(“Failure to complete discovery procedures within the
time established . . . shall not constitute cause for
continuance unless such failure or inability is brought to
the attention of the Court at least sixty (60) days in
advance of any scheduled trial date and is not the result of
lack of diligence in pursuing such discovery.”).
Motion to Compel Medical Records
contend that the medical records sought from the Veterans
Hospital are discoverable. (Dkt. 47.) However, Defendants
filed their Motion to Compel Medical Records past the August
1, 2017 discovery deadline designated in the Scheduling
Order. (Dkt. 16.) Defendants must show good cause to modify
the Scheduling Order. Fed.R.Civ.P. 16(b)(4). Specifically,
Defendants must show that they could not meet the August 1,
2017 discovery deadline despite their diligence.
Ashmore, 503 Fed. App'x at 685.
were made aware of the Veterans Hospital's objection to
producing the documents without a signed authorization or
court order in April 2017. (Dkt. 47-1.) Further, Defendants
were notified in an email dated May 18, 2017 that Plaintiffs
objected to signing the authorization. (Dkt. 47-2.) On July
14, 2017, Defendant conferred with Plaintiffs requesting
their agreement to seek an order from the Court authorizing
the release of the records. (Dkt. 47-2.) Plaintiffs'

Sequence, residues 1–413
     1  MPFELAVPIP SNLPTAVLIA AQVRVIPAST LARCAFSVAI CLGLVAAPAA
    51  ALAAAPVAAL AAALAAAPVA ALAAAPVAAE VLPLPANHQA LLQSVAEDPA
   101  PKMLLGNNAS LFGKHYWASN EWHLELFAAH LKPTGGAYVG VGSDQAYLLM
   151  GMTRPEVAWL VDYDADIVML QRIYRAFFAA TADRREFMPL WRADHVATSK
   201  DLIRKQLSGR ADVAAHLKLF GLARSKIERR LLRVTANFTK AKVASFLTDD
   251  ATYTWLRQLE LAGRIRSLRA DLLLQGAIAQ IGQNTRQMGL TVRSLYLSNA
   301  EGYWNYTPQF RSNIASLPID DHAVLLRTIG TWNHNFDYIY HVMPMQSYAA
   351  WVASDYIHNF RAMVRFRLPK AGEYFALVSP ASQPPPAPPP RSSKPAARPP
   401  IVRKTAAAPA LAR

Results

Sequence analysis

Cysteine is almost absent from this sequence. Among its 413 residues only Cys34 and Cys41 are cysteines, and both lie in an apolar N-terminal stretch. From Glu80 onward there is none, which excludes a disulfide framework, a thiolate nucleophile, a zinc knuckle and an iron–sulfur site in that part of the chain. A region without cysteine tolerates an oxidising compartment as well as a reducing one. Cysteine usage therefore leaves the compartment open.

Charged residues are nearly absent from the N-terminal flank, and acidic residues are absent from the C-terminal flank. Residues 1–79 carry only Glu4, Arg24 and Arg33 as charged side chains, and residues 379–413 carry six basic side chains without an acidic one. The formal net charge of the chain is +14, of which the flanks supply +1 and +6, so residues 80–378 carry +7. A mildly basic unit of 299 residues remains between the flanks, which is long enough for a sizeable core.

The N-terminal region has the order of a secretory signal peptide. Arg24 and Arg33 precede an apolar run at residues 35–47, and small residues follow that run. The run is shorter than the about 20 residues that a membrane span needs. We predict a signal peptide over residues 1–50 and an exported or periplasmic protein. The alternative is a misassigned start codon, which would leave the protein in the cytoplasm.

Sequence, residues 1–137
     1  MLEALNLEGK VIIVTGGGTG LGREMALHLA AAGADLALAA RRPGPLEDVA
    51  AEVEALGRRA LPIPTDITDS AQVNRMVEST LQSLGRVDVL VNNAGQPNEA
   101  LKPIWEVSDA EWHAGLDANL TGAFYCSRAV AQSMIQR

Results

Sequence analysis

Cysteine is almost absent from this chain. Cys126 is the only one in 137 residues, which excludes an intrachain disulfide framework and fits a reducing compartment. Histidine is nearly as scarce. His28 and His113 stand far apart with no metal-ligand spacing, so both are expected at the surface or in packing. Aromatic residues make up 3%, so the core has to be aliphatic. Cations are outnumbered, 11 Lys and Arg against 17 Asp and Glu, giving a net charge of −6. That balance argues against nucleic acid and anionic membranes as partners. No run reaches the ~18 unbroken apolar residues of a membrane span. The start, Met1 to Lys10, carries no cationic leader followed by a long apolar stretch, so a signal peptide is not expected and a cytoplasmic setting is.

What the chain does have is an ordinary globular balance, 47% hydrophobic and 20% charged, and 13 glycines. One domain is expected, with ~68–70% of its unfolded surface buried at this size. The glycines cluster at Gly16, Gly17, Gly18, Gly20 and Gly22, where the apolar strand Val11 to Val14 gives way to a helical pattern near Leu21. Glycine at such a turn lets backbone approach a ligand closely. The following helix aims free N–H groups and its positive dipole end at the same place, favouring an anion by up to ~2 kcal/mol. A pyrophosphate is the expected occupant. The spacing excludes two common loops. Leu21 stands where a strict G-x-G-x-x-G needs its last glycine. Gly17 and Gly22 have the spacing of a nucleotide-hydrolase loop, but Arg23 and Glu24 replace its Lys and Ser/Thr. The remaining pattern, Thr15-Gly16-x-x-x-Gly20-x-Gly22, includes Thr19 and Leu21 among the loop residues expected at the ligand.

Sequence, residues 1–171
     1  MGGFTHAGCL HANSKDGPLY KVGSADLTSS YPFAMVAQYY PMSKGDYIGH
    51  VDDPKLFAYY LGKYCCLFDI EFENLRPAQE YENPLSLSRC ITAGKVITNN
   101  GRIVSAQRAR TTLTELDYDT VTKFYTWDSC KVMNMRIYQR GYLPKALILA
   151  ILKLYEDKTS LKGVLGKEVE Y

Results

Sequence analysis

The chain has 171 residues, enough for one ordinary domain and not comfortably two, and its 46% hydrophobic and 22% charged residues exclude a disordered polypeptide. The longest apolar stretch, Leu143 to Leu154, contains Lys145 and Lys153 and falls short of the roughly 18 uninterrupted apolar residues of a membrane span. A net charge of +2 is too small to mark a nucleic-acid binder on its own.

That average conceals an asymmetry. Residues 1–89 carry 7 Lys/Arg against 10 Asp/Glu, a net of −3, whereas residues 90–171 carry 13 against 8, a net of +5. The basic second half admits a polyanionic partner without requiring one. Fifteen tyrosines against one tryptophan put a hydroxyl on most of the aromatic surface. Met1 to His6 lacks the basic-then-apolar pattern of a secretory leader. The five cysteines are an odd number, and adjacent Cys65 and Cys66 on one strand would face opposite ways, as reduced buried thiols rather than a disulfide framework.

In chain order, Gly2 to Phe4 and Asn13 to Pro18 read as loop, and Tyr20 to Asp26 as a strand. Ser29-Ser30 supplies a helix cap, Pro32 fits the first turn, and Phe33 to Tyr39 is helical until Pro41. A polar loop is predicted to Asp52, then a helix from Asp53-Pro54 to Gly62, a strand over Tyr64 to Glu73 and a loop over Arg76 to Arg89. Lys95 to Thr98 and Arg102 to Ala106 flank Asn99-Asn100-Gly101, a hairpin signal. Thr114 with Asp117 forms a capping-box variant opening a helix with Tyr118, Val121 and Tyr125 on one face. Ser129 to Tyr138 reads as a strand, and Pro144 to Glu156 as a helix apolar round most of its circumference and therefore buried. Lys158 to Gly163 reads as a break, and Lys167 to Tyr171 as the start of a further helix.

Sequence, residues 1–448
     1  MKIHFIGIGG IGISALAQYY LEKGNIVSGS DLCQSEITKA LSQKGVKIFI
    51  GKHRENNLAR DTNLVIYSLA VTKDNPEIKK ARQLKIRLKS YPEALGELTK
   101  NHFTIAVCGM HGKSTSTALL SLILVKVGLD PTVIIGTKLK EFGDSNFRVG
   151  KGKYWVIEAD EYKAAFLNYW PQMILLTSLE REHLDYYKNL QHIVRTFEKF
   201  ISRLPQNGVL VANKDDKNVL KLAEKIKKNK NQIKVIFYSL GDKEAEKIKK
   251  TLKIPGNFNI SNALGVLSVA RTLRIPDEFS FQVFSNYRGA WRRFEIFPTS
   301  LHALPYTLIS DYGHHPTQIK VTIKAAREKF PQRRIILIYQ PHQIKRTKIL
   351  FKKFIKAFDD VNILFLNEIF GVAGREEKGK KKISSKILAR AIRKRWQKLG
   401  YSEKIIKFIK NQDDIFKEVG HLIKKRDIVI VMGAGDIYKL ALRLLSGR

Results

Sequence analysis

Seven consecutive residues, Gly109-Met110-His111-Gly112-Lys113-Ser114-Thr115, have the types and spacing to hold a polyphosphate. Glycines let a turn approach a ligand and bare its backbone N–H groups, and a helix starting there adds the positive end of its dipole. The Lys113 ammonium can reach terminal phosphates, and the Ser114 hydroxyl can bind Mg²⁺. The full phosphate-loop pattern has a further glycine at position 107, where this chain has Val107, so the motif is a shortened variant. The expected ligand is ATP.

counsel's office indicated that it was reviewing
Defendants' proposed order and would respond shortly.
(Dkt. 47-2.) During the hearing, Defendants' counsel
explained that Defendants did not file a motion to compel
earlier because they were communicating with Plaintiffs to
obtain the records and believed they could resolve the issue
without judicial intervention. Defendants' counsel
further argued that he believed the issue would be resolved
because Plaintiffs did not object to the subpoena.
regard to the relevance of the requested documents,
Defendants argue that they seek Plaintiff Phyllis
Cerrato's medical records from the Veterans Hospital as
Plaintiff has placed her medical condition at issue. (Dkt. 47
at 1.) Plaintiff Phyllis Cerrato is alleging bodily injury,
pain and suffering, mental anguish, and aggravation of
pre-existing conditions as a result of the subject accident.
(Dkt. 1 at ¶ 9.) It is well settled that “when a
plaintiff places [her] medical condition at issue, [her]
pertinent medical records will be relevant and discoverable
by defendants.” Lozman v. City of Riviera
Beach, 08-80134-CIV, 2014 WL 12692766, at *1 (S.D. Fla.
May 2, 2014) (quoting Graham v. Witalec, 2011 WL
1335808 (N.D. Fla. Apr. 7, 2011)). Further, a party may be
compelled to sign an authorization for the release of medical
records when the records are relevant and signing the
authorization furthers the “just, speedy, and
inexpensive determination” of the case. See
Fed. R. Civ. P. 1, 26(b)(1); see also Hairston v. ED
Nelson Transp., 3:13-CV-1457-J-32JBT, 2015 WL 12843868,
at *2 (M.D. Fla. Nov. 24, 2015); Hodge v. Orlando
Utilities Comm'n, 609CV1059ORL19DAB, 2010 WL
11507295, at *3 (M.D. Fla. Apr. 28, 2010); Zaffis v. City
of Altamonte Springs, Florida, 6:06CV385 ORL31DAB, 2007
WL 646959, at *2 (M.D. Fla. Feb. 27, 2007).
Defendants properly served the Veterans Hospital with a
subpoena pursuant to Federal Rule of Civil Procedure 45, and
the Veterans Hospital notified Defendants that it required a
court order or signed patient authorization. (Dkt. 47-1.)
Under Rule 45, if the person commanded to produce documents
objects to the subpoena, then “[a]t any time, on notice
to the commanded person, the serving party may move the court
for the ...